John Rand: Shoppers will temporarily move down their needs hierarchy when times are tough and/or uncertain - we can see in the recent slowdown at Whole Foods that this happens. At the same time the attribute-driven nature of the new premium may give it more holding power and a faster recovery than a more straightforward trade up. We are pretty skeptical, for instance, that folks on a budget suddenly don’t care about the safety of their food, or the quality of the environment, or think that their health is less important. Diabetics are still trying to manage their diet even when money is tight, parents still want their children to eat healthy food, and no one who has decided to use re-usable shopping bags out of concern for the environment just reverts to plastic bags because they are worried about their mortgage. The new premium mindset is unique because premium is not necessarily derived from being more expensive than the everyday – simply in more consistent and integrated delivery of the three key attributes.

    MNB: Would it be your suggestion that aspirational or values-oriented customer priorities developed during times of prosperity will persist even in tough times? And is it important to have this component of your offering – whether you are a retailer or a manufacturer – so you are positioned correctly when the hard times end?

    John Rand: We have to remember that the New Premium is not necessarily about spending more – sure, some areas of decision here may carry a price – but there are some people for whom “new premium” behavior is deciding to return to family home cooking instead of take-out not just because it saves money but because they want to re-connect with their family (purpose), eat healthy (preservation) and create a meaningful story around mealtimes (transparency). Compact fluorescent light bulbs, which are sort of the entry-level product for people trying to reduce their carbon footprint, actually save money over time, and even though the initial cost is more than an ordinary bulb, it is a matter of a very small amount of money. But it is quite clear that people are willing to spend a little more for something that aligns to something they value.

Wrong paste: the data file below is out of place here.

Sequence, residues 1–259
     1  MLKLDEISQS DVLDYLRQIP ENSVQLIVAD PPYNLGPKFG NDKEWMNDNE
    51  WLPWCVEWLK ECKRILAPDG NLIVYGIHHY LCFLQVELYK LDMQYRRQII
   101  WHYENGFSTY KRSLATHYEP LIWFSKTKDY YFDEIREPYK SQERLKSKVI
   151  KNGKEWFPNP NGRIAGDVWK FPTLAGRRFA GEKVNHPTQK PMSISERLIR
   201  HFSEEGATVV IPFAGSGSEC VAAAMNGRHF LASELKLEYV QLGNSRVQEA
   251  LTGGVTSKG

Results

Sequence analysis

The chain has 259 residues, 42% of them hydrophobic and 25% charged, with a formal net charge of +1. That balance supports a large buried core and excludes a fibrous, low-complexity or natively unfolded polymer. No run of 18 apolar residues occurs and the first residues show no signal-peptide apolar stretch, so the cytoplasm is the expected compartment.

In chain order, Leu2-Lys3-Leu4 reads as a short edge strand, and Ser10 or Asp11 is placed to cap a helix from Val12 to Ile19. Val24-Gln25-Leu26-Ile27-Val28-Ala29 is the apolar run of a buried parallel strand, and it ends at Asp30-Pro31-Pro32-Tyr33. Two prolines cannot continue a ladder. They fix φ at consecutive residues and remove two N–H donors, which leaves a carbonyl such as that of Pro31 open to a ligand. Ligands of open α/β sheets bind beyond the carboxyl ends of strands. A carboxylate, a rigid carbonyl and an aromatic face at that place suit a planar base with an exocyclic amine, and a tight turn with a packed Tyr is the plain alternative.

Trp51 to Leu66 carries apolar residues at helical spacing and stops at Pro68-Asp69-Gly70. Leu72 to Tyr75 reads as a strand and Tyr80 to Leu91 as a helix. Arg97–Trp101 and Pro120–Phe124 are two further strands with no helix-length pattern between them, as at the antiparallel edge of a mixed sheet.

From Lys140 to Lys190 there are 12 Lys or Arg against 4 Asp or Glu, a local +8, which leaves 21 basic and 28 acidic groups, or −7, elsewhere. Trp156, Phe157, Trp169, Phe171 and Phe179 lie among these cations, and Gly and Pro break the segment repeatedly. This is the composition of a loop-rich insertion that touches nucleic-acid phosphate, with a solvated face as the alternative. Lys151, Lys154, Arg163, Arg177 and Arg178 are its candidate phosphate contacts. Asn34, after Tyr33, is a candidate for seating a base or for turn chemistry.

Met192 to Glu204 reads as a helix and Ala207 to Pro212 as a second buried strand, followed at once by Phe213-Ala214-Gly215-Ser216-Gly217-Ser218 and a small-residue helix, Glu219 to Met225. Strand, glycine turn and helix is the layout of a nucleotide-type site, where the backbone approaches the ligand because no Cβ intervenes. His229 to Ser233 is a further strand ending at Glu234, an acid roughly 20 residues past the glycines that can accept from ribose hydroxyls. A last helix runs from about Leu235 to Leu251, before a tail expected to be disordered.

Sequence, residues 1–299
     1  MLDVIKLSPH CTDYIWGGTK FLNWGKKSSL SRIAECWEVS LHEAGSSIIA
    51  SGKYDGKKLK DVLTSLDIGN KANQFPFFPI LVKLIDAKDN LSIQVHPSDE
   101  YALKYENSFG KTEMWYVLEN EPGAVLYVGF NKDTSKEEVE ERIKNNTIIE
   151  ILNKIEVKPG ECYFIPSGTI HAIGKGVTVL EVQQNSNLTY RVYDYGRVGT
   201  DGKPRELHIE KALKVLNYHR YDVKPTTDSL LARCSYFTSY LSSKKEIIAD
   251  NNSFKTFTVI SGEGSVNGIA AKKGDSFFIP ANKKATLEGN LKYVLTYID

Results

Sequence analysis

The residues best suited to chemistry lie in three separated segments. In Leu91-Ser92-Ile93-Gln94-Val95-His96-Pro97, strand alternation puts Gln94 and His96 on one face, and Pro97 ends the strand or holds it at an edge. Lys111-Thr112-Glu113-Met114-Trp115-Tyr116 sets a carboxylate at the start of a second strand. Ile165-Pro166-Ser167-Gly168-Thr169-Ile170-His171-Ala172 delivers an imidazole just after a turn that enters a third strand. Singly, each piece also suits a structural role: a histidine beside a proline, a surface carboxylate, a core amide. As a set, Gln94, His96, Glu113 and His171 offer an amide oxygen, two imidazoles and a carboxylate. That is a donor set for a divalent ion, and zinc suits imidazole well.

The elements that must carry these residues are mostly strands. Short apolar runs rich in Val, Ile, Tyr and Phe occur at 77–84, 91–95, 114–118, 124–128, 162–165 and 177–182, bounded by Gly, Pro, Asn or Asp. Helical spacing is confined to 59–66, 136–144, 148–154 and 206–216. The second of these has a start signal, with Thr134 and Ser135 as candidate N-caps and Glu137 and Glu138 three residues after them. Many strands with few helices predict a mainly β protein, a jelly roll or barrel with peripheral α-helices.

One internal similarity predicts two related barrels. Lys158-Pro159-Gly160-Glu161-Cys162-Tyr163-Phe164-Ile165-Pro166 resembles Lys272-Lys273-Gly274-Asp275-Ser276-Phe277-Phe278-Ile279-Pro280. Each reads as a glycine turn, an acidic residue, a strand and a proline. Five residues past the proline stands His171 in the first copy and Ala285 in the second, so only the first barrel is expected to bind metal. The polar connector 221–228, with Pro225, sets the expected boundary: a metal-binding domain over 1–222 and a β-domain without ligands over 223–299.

MNB: I’ve been fascinated by Walmart’s telling its “green” manufacturers that it doesn’t just want “green” products, but also wants to know the narrative behind the products so it can communicate that story to shoppers. Is this a good example of the “new premium” at work? What does it say about the trend when a behemoth like Walmart is acting on it?

    John Rand: Walmart is clearly attempting to tell an integrated story around sustainability that links transparency and a broader sense of purpose to the core preservation attribute of environmental sensitivity. Their objectives are multi-headed here – to legitimately use their scale for good, to save money and to enhance their core brand.

    What Walmart has tried to close with increased transparency, first with its supplier partners and now more recently with consumers, is an authenticity gap – they have used the web in particular as a way to “let consumers in”, “see behind the curtain” and understand specifically what Walmart is trying to do. Do they have a long way to go? Sure.

    What does this say about the new premium? That well executed it can invert the historic perceptions of what premium is and who can purvey premium to consumers – pretty exciting stuff!

    MNB: Can you give me some other examples of retailers and manufacturers communicating the “new premium” to their consumers? Is there one surprising example that most people would not think of?